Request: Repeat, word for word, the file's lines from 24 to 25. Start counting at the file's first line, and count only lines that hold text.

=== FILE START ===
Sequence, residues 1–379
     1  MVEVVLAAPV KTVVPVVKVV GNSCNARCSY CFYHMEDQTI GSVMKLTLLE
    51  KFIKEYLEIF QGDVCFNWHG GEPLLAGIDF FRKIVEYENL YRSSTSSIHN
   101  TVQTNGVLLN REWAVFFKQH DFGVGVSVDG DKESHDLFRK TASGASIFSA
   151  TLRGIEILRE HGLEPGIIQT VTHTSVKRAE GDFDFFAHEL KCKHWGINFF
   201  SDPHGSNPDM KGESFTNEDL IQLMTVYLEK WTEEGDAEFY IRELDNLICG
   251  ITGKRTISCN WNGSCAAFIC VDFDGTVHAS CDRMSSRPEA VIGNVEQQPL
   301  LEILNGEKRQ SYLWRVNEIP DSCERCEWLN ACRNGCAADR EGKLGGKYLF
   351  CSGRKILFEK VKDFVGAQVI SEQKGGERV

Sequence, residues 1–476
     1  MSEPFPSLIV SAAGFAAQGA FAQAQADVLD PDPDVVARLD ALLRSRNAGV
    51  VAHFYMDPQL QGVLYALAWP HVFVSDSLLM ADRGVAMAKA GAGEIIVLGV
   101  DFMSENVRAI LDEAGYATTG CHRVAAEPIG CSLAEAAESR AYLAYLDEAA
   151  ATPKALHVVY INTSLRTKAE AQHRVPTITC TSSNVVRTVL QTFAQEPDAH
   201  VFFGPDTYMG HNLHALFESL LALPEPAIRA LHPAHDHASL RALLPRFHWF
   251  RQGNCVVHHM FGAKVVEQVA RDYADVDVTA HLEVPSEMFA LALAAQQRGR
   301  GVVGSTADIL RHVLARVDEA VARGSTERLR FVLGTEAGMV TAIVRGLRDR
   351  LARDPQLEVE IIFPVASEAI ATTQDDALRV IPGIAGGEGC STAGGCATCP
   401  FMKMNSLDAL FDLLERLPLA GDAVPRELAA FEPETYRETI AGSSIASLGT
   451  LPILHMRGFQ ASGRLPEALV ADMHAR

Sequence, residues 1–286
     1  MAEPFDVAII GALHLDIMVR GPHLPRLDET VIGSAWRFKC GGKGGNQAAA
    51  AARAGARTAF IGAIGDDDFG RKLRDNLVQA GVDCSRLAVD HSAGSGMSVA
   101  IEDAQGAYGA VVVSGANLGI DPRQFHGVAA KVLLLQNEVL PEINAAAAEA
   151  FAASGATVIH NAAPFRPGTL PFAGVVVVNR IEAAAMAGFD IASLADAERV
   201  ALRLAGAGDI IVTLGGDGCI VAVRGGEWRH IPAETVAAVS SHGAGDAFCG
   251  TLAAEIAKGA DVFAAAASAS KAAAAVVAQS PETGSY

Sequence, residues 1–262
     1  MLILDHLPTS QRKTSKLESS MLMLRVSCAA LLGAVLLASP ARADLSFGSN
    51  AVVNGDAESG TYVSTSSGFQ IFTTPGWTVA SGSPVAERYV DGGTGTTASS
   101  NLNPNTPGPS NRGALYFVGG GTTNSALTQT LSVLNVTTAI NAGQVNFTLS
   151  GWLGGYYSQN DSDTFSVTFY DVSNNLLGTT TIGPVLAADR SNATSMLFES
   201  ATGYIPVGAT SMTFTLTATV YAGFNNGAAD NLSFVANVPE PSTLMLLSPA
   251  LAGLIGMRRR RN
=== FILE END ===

   101  IEDAQGAYGA VVVSGANLGI DPRQFHGVAA KVLLLQNEVL PEINAAAAEA
   151  FAASGATVIH NAAPFRPGTL PFAGVVVVNR IEAAAMAGFD IASLADAERV